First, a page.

DESTINY will mark Deacon’s first solo show in over 15 years, featuring more than 100 multi-disciplinary works made over a 30-year period, and including the premiere of newly-commissioned works created with the artist and her long-term collaborator Virginia Fraser.
The exhibition will also feature a number of early video works created with the late Wiradjuri/Kamilaroi photographer Michael Riley and West Australian performance artist Erin Hefferon.
A descendant of the Kuku and Erub/Mer people from Far North Queensland and Torres Strait, Deacon is internationally known for a body of work depicting her darkly comic, idiosyncratic world view. Offering a nuanced, thoughtful and, at times, intensely funny snapshot of contemporary Australian life, Deacon reminds us that art can have both pathos and humour.
Melbourne-based, Deacon works across photography, video, sculpture, and installation to explore dichotomies such as childhood and adulthood, comedy and tragedy, and theft and reclamation. Her chaotic worlds, where disgraced dolls play out sinister scenes for audience amusement, subvert cultural phenomena to reflect and parody the environments around us.
Featuring early videos which mock negative stereotypes of Aboriginal Australians – Home video 1987, Welcome to my Koori world 1992, I don’t wanna be a bludger 1999 – the exhibition will also feature an installation of a lounge room housing Deacon’s own collection of ‘Koori kitsch’.
Deacon and Fraser’s highly acclaimed installation Colourblinded 2005 will also be on display. A powerful combination of photographs, sculptures, and video projections, this interactive work leaves the viewer both literally and metaphorically ‘colourblinded’.
“Featuring new NGV commissions and some of the highlights of Deacon’s 30-year career, the retrospective DESTINY pays tribute to an artist who has been challenging audiences for more than 30 years,” said Tony Ellwood AM, Director, National Gallery of Victoria.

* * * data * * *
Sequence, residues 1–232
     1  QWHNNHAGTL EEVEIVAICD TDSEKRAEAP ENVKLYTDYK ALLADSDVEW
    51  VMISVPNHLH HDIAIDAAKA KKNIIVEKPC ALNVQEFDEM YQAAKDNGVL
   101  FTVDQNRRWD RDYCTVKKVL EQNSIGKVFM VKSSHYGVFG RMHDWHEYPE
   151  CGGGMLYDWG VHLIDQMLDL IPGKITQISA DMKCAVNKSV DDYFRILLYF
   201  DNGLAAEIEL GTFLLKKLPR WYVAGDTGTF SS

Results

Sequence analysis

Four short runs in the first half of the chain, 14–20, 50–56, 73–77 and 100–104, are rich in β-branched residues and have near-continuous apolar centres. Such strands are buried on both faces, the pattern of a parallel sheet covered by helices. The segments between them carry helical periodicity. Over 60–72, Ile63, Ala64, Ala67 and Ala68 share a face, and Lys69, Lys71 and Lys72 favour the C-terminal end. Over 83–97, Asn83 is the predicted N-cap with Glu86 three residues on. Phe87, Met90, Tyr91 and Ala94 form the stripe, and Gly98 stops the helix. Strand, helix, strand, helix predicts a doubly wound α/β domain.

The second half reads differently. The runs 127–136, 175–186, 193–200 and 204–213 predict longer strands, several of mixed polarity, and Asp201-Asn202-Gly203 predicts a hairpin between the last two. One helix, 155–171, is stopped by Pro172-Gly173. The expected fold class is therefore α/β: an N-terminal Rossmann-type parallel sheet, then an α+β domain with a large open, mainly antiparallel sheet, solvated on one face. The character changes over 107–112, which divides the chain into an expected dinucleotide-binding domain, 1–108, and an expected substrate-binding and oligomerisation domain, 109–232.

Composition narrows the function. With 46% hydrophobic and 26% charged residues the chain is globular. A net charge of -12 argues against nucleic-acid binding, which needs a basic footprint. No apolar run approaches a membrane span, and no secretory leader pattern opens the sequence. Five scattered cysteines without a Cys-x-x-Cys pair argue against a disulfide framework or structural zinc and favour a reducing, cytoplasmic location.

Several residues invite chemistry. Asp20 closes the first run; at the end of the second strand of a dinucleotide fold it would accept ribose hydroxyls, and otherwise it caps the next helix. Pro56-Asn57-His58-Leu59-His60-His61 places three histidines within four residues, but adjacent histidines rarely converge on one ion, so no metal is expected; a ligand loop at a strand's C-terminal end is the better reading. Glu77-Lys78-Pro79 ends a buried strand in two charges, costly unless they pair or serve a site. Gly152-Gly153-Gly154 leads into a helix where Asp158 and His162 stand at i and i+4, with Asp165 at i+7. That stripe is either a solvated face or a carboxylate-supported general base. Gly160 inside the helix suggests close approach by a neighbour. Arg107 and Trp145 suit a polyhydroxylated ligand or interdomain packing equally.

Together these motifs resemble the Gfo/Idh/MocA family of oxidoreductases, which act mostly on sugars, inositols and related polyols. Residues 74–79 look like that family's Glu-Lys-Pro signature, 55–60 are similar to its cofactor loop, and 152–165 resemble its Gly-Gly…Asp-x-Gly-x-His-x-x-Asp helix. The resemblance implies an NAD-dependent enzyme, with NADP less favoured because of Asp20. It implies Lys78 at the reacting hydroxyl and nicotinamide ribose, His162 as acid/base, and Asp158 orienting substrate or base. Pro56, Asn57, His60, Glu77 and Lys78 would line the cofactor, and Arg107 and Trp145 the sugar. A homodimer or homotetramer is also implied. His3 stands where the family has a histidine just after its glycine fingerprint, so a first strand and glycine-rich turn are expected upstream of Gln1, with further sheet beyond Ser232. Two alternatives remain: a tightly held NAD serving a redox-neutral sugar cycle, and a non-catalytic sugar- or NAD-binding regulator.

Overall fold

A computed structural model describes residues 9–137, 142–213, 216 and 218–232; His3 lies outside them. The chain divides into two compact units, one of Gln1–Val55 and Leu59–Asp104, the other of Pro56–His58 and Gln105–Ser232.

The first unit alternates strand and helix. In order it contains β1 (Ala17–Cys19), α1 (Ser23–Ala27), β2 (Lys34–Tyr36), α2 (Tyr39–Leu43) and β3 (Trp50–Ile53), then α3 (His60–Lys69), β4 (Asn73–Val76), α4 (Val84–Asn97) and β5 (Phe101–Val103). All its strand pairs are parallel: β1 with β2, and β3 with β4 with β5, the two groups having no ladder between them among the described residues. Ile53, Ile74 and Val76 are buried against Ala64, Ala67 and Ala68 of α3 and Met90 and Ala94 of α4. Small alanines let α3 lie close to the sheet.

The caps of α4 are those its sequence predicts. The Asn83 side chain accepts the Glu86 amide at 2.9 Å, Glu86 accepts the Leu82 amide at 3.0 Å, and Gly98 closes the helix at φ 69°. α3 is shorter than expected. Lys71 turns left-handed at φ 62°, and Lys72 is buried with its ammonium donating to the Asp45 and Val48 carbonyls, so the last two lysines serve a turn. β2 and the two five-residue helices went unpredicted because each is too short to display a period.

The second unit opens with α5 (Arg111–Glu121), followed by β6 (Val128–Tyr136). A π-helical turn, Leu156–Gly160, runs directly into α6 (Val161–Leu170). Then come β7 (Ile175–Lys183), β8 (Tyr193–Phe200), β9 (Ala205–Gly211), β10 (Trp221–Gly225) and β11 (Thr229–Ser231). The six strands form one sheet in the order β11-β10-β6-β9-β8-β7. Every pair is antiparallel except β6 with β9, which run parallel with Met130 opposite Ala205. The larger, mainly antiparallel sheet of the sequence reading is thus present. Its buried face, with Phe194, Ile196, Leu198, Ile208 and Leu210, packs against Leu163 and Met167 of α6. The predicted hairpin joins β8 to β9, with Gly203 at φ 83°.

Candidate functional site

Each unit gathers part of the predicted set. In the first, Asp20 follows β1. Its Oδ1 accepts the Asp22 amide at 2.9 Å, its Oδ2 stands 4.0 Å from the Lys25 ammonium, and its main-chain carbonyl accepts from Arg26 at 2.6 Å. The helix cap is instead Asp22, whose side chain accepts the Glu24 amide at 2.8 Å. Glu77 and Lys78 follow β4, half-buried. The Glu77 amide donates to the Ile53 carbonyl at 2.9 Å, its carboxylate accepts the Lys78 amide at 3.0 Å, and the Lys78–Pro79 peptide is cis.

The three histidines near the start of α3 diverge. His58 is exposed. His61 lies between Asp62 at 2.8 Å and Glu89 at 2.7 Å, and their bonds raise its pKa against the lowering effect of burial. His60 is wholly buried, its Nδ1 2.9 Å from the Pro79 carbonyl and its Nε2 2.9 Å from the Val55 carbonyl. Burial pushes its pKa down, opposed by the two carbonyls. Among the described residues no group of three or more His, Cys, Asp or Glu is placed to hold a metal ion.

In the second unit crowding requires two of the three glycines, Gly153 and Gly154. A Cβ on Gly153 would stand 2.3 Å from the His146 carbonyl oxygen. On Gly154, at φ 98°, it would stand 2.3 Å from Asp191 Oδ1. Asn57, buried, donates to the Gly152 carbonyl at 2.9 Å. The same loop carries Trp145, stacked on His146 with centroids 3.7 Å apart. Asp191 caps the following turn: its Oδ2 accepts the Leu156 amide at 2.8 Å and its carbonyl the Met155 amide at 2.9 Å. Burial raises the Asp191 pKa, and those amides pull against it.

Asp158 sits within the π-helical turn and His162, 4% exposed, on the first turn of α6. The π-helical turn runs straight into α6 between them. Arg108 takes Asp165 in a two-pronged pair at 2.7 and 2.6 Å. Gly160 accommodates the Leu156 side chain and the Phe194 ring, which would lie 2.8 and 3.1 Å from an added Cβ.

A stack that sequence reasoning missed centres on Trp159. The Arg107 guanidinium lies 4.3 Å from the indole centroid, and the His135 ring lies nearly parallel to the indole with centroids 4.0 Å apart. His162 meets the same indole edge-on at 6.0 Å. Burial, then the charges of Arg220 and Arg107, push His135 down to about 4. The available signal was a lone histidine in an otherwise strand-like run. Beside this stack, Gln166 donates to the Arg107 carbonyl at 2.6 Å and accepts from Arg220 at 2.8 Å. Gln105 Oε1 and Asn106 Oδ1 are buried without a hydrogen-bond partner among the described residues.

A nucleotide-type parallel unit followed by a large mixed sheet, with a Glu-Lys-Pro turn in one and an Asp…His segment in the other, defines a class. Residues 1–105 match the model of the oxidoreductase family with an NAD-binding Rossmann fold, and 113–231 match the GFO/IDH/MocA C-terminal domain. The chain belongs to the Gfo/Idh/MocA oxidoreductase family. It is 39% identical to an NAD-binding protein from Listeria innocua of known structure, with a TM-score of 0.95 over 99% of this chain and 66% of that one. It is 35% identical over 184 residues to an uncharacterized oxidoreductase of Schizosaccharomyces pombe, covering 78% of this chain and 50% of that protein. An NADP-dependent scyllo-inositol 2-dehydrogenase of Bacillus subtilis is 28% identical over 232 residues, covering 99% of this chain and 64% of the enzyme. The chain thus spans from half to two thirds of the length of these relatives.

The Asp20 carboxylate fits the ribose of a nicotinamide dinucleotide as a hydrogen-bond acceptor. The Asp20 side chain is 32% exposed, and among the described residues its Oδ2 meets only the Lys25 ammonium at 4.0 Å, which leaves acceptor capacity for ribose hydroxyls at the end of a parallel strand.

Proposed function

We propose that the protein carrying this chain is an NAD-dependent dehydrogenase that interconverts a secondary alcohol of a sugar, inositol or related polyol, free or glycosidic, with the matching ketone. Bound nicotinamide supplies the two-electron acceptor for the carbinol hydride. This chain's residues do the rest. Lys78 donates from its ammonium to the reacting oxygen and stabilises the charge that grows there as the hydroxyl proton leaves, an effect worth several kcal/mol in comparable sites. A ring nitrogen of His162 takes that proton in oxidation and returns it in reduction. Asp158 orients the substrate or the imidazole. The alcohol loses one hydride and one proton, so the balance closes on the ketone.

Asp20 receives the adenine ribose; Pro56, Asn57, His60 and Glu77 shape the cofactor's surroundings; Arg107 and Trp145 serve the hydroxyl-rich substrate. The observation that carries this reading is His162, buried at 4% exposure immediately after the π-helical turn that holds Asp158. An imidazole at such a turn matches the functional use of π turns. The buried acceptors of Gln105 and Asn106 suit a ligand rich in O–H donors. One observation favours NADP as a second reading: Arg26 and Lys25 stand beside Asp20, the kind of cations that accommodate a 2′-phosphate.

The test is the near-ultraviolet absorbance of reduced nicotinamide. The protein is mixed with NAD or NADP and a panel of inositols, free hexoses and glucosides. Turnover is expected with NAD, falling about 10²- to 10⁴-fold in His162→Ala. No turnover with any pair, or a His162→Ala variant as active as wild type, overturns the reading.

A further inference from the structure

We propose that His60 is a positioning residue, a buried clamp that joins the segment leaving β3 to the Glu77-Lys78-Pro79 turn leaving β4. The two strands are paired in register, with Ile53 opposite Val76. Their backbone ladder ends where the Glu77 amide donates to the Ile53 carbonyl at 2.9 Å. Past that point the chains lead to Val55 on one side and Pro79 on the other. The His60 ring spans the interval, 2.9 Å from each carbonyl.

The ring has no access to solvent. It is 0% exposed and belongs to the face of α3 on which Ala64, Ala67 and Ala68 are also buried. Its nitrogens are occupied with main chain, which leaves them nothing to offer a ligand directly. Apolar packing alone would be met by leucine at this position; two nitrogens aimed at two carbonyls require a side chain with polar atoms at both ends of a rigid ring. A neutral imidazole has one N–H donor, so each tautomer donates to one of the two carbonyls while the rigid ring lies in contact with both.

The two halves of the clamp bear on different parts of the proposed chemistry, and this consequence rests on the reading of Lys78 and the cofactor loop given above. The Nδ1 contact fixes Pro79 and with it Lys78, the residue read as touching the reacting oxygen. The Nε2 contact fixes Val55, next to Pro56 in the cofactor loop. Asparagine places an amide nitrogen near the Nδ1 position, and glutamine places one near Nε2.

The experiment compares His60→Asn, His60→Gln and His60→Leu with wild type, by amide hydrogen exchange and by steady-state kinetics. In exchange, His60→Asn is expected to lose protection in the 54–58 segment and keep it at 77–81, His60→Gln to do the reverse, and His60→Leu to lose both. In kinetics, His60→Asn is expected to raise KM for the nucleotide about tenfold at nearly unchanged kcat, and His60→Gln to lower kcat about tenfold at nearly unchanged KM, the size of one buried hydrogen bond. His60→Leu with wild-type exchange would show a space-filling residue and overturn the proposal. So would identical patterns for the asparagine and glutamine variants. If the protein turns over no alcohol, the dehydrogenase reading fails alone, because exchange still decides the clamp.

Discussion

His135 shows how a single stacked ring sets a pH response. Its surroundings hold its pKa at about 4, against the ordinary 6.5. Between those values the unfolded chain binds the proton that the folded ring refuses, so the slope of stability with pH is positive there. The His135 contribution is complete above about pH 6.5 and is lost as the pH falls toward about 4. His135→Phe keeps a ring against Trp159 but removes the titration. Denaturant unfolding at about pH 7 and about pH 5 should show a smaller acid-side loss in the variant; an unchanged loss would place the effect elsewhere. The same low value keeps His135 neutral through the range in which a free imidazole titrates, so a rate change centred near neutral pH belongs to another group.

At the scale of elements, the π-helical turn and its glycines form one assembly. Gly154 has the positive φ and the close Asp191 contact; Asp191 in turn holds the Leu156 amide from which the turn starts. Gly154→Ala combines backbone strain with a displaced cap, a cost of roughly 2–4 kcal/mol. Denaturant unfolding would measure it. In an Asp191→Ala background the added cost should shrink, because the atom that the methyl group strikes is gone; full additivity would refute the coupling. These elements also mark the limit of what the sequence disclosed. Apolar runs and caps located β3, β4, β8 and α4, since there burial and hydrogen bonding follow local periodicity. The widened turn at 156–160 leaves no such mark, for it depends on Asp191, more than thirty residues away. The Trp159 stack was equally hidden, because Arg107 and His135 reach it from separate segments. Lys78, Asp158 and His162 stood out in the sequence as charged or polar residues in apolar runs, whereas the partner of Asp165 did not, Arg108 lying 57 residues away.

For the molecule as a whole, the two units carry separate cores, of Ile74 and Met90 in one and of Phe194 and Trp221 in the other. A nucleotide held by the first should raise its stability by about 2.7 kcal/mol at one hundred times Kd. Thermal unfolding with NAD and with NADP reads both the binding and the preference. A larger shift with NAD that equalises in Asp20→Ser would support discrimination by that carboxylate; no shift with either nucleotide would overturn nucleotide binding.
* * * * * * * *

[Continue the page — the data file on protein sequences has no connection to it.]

“Destiny Deacon has never shied away from confronting our country’s difficult history and her work continues to make a vital contribution to Australian cultural discourse.”
Featured in numerous group presentations, Deacon’s work has been included in major international exhibitions such as Documenta11. In 2004, the major survey Destiny Deacon: Walk and don’t look blak was presented by the Museum of Contemporary Art in Sydney, before touring Australia, Japan, New Caledonia and New Zealand.
Born in Maryborough, Queensland, Deacon studied politics and education before going on to work as a teacher and then a staff trainer for Aboriginal activist Dr Charles Perkins AO. Compelled by her desire to express herself and her political beliefs, Deacon turned to photography in her 30s and began making videos featuring a number of well-known people from the Melbourne Koori community.
The Ian Potter Centre: NGV Australia, Federation Square, Melbourne
Exhibition: 24 July 2020 – 31 January 2021
For more information, visit: www.ngv.vic.gov.au for details.
Image: Destiny Deacon, Smile, 2017 lightjet print 102.0 x 127.0 cm (framed) ed. 5/5 National Gallery of Victoria, Melbourne Purchased with funds donated by D’Lan Davidson and NGV Supporters of Indigenous Art, 2018 © Destiny Deacon / Licensed by Copyright Agency, Australia